One of my friends was using a preamp that i was very familiar with. We discussed a few things over the phone and i told him that he had the polarity reversed on the preamp. I told him how to verify this and once he checked it, it was reversed as i had suspected.
After changing the polarity and listening for a while, he told me that he had never heard that big of a difference when playing with the AC on any component before. The reason why the differences were so obvious? This specific product has a built in noise trap / transformer damping circuit that requires specific polarization to work properly. Without the proper polarity OR using balanced power, that circuitry is completely negated and the preamp will never work or sound nearly as good as it can.
This is why i said that one should check with the manufacturer of the gear before investing big money in what could be a major step backwards in their AC systems. It is also the reason why i've touted high quality isolation transformers, as they will only strip away the noise without altering the polarity of the signal. Sean >
Nsgarch, initially I found that leakage voltage measurement failed to be a guide for better sound, but the ultimate problem I had was with hum with phono caused by the ground of the turntable not really seeing a ground when plugged into the Equi=Tech. When I plugged directly into the wall, I had no hum. This turnout to be caused by my not having everything plugged into the Equi=Tech. I did not have my big subwoofer amp plugged into it.
John Tucker has suggested that the ground fault circuit on the Equi=Tech is responsible for my problems and suggested that I remove it. I just gave up and sold the Equi=Tech.
Running balanced AC to some gear and not to others within the same system is the same thing as introducing a ground loop. That's because the difference in voltage potential from hot to neutral varies with the way that each component is receiving their power.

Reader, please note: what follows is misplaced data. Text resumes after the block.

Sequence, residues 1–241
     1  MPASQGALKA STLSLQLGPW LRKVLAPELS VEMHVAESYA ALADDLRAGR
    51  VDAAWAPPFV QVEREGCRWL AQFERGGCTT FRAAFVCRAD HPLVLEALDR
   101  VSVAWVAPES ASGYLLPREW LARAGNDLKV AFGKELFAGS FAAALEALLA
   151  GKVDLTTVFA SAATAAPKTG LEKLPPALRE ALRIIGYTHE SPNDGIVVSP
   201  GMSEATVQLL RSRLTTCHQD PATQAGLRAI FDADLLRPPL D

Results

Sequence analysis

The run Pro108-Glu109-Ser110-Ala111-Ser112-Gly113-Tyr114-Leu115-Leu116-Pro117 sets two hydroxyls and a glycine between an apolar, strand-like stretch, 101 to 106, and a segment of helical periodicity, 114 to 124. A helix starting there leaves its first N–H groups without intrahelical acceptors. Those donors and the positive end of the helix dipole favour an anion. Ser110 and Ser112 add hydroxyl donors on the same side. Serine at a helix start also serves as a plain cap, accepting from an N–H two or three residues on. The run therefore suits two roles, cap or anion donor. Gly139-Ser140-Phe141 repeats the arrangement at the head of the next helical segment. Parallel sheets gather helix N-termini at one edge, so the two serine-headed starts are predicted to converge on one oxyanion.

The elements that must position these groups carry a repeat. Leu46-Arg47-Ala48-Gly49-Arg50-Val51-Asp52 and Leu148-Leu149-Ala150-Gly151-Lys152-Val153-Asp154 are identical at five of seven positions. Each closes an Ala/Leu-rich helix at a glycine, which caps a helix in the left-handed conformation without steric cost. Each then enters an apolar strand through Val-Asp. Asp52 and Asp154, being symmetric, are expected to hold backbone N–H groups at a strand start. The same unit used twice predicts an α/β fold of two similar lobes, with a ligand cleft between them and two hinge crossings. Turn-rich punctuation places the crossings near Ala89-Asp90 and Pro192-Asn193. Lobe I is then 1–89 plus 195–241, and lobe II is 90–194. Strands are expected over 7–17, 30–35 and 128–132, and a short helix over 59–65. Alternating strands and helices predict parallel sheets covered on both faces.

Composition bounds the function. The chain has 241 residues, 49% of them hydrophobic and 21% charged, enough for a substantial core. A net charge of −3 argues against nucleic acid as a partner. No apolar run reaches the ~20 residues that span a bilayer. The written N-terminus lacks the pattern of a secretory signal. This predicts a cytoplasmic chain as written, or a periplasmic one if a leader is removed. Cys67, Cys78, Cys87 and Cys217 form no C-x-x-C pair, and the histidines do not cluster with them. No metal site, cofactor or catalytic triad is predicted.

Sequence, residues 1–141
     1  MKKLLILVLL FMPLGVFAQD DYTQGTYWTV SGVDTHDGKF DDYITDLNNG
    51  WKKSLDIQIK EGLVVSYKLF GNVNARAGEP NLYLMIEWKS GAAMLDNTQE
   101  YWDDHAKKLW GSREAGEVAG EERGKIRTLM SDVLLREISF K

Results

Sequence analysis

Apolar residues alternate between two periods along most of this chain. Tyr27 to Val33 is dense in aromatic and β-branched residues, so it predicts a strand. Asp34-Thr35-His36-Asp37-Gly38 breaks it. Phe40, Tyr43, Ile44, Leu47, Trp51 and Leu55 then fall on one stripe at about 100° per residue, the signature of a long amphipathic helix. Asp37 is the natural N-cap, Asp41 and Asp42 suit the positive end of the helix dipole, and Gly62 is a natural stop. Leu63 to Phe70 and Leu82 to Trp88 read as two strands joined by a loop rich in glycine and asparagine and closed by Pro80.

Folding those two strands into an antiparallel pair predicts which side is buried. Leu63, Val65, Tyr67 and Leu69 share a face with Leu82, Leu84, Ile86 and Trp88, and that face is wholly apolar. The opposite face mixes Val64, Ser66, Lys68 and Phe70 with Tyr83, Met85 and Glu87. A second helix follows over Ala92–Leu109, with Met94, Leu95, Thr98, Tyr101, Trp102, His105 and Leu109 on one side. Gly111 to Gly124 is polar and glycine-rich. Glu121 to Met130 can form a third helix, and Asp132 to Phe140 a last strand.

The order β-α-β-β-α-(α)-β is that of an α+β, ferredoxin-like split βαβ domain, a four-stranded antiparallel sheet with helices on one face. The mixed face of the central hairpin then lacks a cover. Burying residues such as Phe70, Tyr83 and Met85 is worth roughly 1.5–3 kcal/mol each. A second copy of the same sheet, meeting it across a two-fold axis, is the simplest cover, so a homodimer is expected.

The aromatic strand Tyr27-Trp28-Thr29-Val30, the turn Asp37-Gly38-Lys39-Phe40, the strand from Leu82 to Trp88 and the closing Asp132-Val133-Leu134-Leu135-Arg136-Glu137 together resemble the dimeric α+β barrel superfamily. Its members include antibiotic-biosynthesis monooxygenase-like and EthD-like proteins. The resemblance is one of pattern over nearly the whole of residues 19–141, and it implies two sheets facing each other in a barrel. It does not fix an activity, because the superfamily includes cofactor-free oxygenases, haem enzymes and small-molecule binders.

In one method, you've got 120 volts of potential on the hot and the neutral tied to ground. In the other, you've got 60 / 60 volts divided between the hot and neutral. This is why filtering inside the gear becomes ineffective when used in balanced mode i.e. neutral is no longer at ground potential but has become an active part of the AC feed. Since most filters shunt the noise to neutral or ground, you've removed the "dumping ground" for the noise from the equation. This means that the noise remains in the gear and further contaminates the other components tied into that same balanced AC feed.
Once again, all of these types of systems introduce further non-standardized variables into the system. Rather than opening up the door for more problems, why not just optimize the standardized system that you've already got and we've been using for years? Using this approach, you're guaranteed that your components will work optimally with little chance for negating built-in design features and circuitry.
Until gear is actually designed and built to be run strictly on balanced power, introducing balanced AC as the source of power will provide rather unpredictable results in any given system. Sean >
For everyone's info, and for what it's worth vis-a-vis our discussion about mixing balanced and unbalanced power:
I had about an hour and a half conversation with Brent Jackson (who is the CEO, chief engineer, etc) of ExactPower on this subject to see what he'd say (especially since I use both of his units, the EP regenerator and the SP balanced unit -- and do so only because I'm in an apartment now. When I had a house it was dedicated circuits with high-speed diodes on the breakers for surge protection and that was it!)
Anyway, his recommendation for using both units together was to put the EP regenerator at the speaker/amp end and plug in the amp, both (CLS) speakers, the subwoofer, and (using a longer 12 ga. PC) the SP balanced power unit, which I have near the source devices.
First I listened with all ground pins connected. It was pretty quiet except the sub which had some barely perceptable 60 ~ hum. So I started putting ground lifters on the devices plugged into the regenerator. That got any residual noise/hum, so I haven't messed with polarity yet on those devices (but you know I will ;-)